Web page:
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Schwede reflects on 50-year bus driving career...

When Herb Schwede doesn’t have kids on the bus, he thinks about his hobbies and enjoys the occasional deer, moose or rabbit along the route. But when kids are aboard, his thoughts take on a serious tone.

9/11/18 (Tue)

When Herb Schwede doesn’t have kids on the bus, he thinks about his hobbies and enjoys the occasional deer, moose or rabbit along the route. But when kids are aboard, his thoughts take on a serious tone.

As soon as the first kids boards and the last one leaves, his priority shifts to the safety of the children; getting them to school and back home each day.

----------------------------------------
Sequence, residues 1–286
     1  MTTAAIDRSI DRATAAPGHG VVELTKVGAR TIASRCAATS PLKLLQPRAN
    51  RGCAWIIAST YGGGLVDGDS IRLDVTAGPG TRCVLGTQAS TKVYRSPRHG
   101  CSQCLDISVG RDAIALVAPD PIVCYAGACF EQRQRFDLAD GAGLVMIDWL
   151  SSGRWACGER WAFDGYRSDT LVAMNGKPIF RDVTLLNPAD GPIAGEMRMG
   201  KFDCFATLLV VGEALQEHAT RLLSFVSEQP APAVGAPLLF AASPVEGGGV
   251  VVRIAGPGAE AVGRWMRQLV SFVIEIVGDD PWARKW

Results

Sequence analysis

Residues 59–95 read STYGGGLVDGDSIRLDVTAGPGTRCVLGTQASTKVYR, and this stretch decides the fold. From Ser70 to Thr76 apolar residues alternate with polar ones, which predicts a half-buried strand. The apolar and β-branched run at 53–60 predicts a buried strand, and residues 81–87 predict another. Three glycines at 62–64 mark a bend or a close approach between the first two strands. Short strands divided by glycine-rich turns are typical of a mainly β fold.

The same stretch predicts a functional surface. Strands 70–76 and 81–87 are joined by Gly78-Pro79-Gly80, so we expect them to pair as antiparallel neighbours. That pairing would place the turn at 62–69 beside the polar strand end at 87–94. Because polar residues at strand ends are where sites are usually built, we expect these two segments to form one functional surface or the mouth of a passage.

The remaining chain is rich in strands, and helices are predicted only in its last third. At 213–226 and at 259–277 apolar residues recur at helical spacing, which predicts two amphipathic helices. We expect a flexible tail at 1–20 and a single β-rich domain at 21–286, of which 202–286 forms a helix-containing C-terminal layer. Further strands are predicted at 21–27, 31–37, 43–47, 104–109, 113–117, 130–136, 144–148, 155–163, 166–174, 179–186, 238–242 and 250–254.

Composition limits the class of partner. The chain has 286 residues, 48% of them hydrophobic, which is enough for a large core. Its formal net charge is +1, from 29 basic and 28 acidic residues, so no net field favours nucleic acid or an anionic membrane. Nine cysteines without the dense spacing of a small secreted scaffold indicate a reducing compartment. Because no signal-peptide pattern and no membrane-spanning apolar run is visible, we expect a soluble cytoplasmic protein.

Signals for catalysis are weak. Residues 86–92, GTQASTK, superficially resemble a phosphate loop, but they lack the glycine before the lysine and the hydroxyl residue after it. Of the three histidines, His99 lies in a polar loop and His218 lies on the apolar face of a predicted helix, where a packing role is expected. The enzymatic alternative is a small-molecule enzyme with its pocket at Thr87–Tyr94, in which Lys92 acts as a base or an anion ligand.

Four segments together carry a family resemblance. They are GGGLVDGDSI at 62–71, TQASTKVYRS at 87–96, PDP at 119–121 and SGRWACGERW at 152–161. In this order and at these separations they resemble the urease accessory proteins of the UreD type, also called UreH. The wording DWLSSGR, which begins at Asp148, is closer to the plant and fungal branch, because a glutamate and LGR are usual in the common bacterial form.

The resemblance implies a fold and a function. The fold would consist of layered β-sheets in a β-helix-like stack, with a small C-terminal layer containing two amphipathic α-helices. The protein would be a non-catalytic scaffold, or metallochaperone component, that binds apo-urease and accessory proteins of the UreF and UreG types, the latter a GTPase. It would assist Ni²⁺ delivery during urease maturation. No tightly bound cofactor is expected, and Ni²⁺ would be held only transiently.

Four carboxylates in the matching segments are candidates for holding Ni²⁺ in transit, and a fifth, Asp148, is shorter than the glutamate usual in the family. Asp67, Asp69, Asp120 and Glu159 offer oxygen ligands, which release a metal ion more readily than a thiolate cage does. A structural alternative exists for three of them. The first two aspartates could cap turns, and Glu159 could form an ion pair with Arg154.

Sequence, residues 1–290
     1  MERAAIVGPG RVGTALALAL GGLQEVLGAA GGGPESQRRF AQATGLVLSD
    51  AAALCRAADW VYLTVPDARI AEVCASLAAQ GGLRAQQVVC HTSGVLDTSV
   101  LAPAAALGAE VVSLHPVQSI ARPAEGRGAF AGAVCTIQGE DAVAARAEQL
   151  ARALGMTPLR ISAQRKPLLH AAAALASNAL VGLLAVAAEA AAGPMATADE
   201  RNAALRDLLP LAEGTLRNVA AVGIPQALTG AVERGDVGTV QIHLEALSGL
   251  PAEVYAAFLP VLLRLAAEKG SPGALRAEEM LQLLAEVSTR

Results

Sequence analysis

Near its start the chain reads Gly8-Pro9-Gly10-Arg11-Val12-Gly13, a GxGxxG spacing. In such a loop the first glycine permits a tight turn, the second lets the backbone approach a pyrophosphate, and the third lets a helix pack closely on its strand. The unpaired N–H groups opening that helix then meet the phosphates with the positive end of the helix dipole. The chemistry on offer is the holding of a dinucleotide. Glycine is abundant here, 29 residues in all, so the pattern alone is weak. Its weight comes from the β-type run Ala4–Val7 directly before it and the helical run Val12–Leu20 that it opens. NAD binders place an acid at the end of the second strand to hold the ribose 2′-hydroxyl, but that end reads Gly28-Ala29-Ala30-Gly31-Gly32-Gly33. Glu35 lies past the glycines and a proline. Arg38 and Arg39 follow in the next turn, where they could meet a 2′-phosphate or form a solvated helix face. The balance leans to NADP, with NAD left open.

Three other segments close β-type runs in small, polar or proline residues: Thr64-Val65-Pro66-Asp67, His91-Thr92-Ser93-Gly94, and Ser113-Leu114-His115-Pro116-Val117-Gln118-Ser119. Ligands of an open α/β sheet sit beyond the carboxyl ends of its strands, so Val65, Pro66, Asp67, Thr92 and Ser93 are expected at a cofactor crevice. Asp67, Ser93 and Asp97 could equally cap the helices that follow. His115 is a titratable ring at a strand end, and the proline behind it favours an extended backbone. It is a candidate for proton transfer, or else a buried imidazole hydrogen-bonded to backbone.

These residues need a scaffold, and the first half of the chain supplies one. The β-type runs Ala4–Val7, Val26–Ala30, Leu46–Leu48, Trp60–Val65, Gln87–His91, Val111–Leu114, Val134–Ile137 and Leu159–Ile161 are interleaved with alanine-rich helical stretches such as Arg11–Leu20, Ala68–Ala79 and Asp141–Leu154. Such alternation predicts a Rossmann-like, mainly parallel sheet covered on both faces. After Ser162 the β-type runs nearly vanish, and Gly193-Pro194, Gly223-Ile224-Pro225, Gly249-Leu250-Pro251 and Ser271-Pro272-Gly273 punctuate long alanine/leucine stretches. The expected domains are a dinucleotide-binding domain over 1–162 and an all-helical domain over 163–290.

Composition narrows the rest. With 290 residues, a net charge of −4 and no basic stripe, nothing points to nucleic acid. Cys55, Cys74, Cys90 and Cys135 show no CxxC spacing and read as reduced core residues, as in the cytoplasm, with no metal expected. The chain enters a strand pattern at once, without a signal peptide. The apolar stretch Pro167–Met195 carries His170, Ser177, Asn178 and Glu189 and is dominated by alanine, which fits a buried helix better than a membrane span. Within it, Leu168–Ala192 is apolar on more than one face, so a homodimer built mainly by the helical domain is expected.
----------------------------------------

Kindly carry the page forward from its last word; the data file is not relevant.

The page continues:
And he admits, that can sometimes be a challenge, especially in the winter along the northern tier of North Dakota.

“They did a survey that says bus driving is the most stressful job in winter,” Schwede said. “There’s days when nobody should be out driving, but we are.”

Schwede is one of five bus drivers for the Kenmare district that includes him, Marshall Johnson and Roger Johnson, all from Donnybrook and all who have decades of driving experience.

Retired teacher Merle Wallstrum drives a fourth bus and the fifth route is currently open with temporary drivers filling in the gap.

Schwede has been driving a school bus for the past 50 years for the Donnybrook and Kenmare districts. Marshall Johnson is closing in on completing 50 years.

Schwede just started his 51st year and is now considering retiring, but left the door open to continue after 2019.

“I had made up my mind, I was going to 50 years,” he said. “But as long as I feel comfortable, I’ll keep driving. If not, I’ll quit.”

When Schwede started driving bus in 1968, it was nearly a year before the first moon landing, Richard Nixon was president and the Vietnam War was ramping up.